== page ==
Two of these young women were Patricia Ann Gaines and Margaret Sanders, at the time age 15 and 16 respectively. Their families sheltered me and other civil rights workers at great risk to themselves. Their entire families participated in the Movement, including two year old Peaches Gaines who went to jail with her mother and sisters Pat, Shirley, and Marian. I remember Marian Gaines at age 11 leading a march into the police lines singing “Ain’t Gonna Let Nobody Turn Me Round.” Mr. Gaines, their Dad, was known on occasion to sit outside the mass meeting with other men, shotguns across their laps, protecting the mass meeting. And Margaret’s sisters Mary, Jean, and Sharon Sanders accompanied her on her path to becoming a student leader in the Albany Movement.

I am naming names because these young women —whose names are not as well known as they should be—were citizens of Albany. One thing to know about each and every one is that they took risks, all the time. So one day Margaret and Pat strolled into the Dougherty County Courthouse, walked over to the two water fountains in the main hall, and took down the “colored” sign which hung over the small water fountain positioned next to the much larger water fountain which was labelled as “white.” These are the same water fountains, with signs in place, that you see in Danny Lyon’s iconic photo posted here.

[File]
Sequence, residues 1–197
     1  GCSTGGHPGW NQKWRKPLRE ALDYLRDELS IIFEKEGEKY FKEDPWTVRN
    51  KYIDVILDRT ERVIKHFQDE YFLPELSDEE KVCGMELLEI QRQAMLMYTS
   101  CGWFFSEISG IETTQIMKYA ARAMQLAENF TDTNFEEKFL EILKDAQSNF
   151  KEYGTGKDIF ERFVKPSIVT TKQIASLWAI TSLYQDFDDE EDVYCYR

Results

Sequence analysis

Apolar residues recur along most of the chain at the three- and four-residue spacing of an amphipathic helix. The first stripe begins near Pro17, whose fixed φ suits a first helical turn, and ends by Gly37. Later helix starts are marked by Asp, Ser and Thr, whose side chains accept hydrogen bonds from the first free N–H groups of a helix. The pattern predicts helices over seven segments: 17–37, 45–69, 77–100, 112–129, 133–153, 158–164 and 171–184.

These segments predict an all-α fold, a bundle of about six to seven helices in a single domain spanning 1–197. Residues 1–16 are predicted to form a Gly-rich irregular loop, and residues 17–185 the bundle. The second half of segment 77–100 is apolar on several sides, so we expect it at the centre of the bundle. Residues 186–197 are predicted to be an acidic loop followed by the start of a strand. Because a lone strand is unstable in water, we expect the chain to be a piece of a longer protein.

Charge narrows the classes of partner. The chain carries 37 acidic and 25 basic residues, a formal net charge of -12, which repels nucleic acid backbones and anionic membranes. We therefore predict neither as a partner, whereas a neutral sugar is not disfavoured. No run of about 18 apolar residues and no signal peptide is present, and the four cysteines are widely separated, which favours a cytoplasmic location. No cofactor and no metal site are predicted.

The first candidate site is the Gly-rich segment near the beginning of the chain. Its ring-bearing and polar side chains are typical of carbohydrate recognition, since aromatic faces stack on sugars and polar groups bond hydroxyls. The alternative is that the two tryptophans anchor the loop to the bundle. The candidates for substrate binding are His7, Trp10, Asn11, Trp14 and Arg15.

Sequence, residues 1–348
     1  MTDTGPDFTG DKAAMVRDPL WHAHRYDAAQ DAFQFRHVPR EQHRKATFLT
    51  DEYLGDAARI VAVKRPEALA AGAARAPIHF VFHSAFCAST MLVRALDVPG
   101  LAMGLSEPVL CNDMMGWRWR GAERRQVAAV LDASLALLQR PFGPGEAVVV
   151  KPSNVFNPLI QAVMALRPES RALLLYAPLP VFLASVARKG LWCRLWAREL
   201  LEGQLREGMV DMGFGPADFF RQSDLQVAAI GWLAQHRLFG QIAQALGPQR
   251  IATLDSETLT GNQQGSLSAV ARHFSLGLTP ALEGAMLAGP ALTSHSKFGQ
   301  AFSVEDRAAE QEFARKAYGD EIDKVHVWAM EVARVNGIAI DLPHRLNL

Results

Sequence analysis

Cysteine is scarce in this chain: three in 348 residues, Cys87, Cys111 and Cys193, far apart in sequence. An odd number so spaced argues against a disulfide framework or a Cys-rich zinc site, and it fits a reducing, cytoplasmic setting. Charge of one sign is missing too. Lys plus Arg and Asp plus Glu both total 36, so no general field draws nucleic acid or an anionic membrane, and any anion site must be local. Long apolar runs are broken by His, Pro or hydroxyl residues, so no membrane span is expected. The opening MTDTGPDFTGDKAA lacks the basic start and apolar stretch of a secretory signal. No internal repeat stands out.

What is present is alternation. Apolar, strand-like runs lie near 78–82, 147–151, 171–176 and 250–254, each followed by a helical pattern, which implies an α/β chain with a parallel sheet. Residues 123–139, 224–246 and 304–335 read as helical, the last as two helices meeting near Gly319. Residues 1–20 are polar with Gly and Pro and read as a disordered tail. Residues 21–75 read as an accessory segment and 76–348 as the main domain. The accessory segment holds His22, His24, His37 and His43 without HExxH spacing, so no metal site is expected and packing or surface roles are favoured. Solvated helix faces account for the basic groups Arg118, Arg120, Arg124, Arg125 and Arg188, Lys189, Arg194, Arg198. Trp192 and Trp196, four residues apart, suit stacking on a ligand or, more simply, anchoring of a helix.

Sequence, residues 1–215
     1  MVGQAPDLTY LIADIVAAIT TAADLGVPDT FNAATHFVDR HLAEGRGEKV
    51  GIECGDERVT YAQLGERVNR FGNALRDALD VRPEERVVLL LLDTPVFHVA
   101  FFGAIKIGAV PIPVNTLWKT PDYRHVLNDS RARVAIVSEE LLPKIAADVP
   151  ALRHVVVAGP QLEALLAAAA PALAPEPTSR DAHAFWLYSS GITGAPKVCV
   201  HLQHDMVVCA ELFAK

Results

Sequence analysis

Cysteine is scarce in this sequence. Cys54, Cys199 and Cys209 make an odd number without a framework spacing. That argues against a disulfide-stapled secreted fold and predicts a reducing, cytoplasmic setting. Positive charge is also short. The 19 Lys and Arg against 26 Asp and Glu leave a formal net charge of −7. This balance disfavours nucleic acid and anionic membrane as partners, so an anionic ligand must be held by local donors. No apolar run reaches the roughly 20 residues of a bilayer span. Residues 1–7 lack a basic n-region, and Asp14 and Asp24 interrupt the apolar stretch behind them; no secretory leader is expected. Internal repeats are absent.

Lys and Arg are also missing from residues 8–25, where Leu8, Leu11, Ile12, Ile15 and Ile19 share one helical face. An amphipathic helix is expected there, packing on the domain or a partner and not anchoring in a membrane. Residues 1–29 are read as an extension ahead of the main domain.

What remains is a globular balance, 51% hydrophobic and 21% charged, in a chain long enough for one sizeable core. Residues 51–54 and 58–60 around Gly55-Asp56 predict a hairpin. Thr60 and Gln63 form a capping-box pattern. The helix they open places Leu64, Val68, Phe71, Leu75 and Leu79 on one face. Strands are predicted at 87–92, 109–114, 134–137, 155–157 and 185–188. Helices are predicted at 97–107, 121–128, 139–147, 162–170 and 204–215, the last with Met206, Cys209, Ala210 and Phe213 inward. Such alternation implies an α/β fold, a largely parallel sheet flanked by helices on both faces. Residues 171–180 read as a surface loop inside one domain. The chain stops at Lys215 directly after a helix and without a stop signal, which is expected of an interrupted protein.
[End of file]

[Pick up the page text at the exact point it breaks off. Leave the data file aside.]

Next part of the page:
water-fountain001

Photo by Danny Lyon, from his book: Memories if the Southern Civil Rights Movementwww.dektol.wordpress.com

Pat and Margaret lifted the sign, walked out of the building and escaped back into the black community before anybody noticed it was gone. How did they do this? I have no idea. And Pat, whenever I ask her, says her memory is kind of vague about the whole episode. (We agree that this is probably due to stress related memory loss). Some time later, as I was leaving Albany to work in Mississippi, Pat and Margaret presented me with the sign and the story of their exploit. I took that sign with me on many occasions for many years whenever I talked to students about the Black Freedom Movement. But then the Albany Civil Rights Institute opened and it was time to place it where it belonged, in that museum in its home town. You all can visit this wonderful small museum and see the sign on display, with Pat and Margaret’s inscription on the back of it.

Pat Gaines with Charels Sherrod, 2011 Albany, GA

Pat Gaines with Charels Sherrod, 2011 Albany, GA

 

Note from Anita: I met Penny in May 2011 when I traveled back home to Albany, GA for the 5oth Anniversary of the SNCC movement. She has been following the blog since the early days and graciously providing insight and details for my novel. In an email recently she recounted the story above then agreed to share with my readers.

dsc_0422

Me with Penny and granddaughter in Hyper Gym, Albany State University, May 2011

dsc_0392

L-R: Annette Jones, Penny, Charles Neblett. Hyper Gym, ASU. May 2011

Save

Save

Save

Save

Save

Save

Save

Save

Save

Save

Save

Save

Save

Save

Save

Save

Save

Angela Glover Blackwell says: “Turn Outrage into action”

AGB

Angela Glover Blackwell  is outraged over the Zimmerman verdict.
I look to her and PolicyLink for balance and direction at times like these. So can you.
Click on the the picture to go to their EquityBlog, watch the video and get your marching orders.

%d bloggers like this: